6. Bundle your text strings.

    If you must use text strings in your script, make sure your translation partner will be able to find them. You can either bundle them together as variables in an external “resources” file, or you can collect them at the top of your file as a collection of variables, flagged as localizable (e.g., _LOC_[name_of_variable] = “Welcome to the course!”).

  7. Be aware of expanding text.

    Translated text tends to be longer than the English equivalent and can pose a challenge if the text container is not flexible. Check your design and code to ensure longer texts can be supported. Issue-prone areas are horizontal navigation bars, menus and any other text containers with limited space to expand. Multilingual eLearning can only be effective if you consider all of the languages you intent to reach.

  8. Avoid string concatenation.

    Try to avoid language constructions that contain fragments of text combined with variables. Other languages might need to have those pieces in a different order, or the translation of certain pieces might be different depending on the variable. For example: ”Page X of Y total page(s)”, where “X” and “Y” are variables. Instead, try to use a construction like “Page: X/Y”.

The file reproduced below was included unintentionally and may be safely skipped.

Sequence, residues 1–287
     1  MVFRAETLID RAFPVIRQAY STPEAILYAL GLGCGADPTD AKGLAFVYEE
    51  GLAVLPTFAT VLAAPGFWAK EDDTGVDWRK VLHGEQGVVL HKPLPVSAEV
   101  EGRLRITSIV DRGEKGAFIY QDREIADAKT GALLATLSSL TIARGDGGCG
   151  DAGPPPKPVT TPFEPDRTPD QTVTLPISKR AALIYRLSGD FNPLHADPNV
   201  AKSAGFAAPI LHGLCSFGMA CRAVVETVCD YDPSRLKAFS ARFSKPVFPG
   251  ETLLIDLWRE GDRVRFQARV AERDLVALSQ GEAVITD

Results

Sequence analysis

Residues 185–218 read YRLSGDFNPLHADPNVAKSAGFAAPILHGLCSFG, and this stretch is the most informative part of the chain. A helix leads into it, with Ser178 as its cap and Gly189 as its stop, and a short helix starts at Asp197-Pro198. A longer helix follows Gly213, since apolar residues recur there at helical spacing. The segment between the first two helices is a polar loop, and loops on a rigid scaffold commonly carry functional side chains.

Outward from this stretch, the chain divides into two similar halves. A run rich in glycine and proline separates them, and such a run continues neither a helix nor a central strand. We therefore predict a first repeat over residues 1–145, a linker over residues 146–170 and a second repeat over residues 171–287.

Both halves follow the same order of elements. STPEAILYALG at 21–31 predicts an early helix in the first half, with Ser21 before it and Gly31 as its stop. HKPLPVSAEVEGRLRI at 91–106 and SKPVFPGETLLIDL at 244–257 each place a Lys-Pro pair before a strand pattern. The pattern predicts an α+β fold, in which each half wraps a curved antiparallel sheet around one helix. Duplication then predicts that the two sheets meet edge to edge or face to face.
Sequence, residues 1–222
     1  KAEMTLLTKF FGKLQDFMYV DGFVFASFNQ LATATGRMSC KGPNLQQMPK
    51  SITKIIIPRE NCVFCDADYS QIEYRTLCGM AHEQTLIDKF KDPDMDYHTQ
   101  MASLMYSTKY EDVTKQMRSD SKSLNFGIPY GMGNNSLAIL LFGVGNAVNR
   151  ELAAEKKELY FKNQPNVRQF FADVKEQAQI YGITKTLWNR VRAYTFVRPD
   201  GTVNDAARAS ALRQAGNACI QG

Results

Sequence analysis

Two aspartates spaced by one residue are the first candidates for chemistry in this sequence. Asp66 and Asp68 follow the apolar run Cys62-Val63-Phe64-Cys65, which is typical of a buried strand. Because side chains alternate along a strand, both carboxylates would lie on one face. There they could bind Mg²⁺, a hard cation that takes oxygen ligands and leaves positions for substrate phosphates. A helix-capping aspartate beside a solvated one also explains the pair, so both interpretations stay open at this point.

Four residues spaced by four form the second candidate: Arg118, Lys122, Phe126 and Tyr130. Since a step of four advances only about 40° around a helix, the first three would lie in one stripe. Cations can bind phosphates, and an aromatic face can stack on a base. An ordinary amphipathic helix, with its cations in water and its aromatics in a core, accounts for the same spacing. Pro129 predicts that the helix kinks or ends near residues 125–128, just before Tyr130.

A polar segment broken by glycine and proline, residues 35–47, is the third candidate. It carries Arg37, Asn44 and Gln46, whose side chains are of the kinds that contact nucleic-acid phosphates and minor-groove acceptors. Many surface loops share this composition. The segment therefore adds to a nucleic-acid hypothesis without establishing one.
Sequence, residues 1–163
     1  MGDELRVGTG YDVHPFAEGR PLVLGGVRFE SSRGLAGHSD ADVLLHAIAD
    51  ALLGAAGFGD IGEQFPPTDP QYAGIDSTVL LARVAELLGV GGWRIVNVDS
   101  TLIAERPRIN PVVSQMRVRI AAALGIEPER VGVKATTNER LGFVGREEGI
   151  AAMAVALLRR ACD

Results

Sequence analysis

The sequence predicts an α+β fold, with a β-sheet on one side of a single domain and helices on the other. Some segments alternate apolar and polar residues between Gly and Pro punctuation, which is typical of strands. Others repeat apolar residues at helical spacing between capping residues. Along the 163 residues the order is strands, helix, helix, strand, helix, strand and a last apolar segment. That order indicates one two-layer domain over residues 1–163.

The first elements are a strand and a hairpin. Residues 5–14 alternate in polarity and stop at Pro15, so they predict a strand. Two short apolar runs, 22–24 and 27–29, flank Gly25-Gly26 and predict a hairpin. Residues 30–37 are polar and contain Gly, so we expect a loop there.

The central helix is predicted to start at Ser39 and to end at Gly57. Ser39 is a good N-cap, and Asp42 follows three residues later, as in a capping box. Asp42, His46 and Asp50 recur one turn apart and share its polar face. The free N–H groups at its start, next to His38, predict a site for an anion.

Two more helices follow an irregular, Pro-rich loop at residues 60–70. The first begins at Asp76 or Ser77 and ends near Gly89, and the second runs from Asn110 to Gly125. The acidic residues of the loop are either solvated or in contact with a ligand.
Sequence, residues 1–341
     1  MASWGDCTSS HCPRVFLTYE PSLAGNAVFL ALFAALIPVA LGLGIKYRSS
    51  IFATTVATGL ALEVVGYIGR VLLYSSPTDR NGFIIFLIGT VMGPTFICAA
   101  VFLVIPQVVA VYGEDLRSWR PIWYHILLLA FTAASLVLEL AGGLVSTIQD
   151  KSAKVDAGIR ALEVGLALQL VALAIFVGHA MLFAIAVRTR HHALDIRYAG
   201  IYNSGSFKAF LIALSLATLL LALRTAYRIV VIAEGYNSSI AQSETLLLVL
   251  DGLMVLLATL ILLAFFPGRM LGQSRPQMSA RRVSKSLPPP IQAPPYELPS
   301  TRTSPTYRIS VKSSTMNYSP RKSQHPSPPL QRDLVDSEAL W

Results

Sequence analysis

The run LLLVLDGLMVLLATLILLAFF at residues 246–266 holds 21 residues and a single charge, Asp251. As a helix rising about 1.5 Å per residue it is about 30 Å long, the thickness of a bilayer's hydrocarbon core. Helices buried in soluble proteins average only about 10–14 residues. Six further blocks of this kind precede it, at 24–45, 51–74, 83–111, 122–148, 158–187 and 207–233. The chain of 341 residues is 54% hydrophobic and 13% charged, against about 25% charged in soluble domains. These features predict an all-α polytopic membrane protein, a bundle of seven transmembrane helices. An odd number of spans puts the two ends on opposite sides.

9. Make font properties customizable per language.

    For Flash applications, we recommend defining font properties in an external XML file (a “style sheet” or “settings” file). Using a settings file will allow you to define the correct font properties for each individual language in one central and easily accessible place. For web-based files, like XHTML, use external Cascading Style Sheets (CSS).

  10. Minimize complex content integration for multilingual eLearning success.

    If possible, avoid integrating content that is created using a mix of different technologies, formats and tools, such as audio that is time-synched or video with on-screen subtitles. Generally speaking, the more complex the creation process of those elements, the more complex the localization process might be.

Following these basic tips — and partnering with a skilled translation firm — will help you navigate the cultural and technological challenges of taking your training and eLearning materials and projects across lines of language and culture. To learn more, please check out our training and eLearning translation services or explore our portfolio to see how we can help you with your translation needs.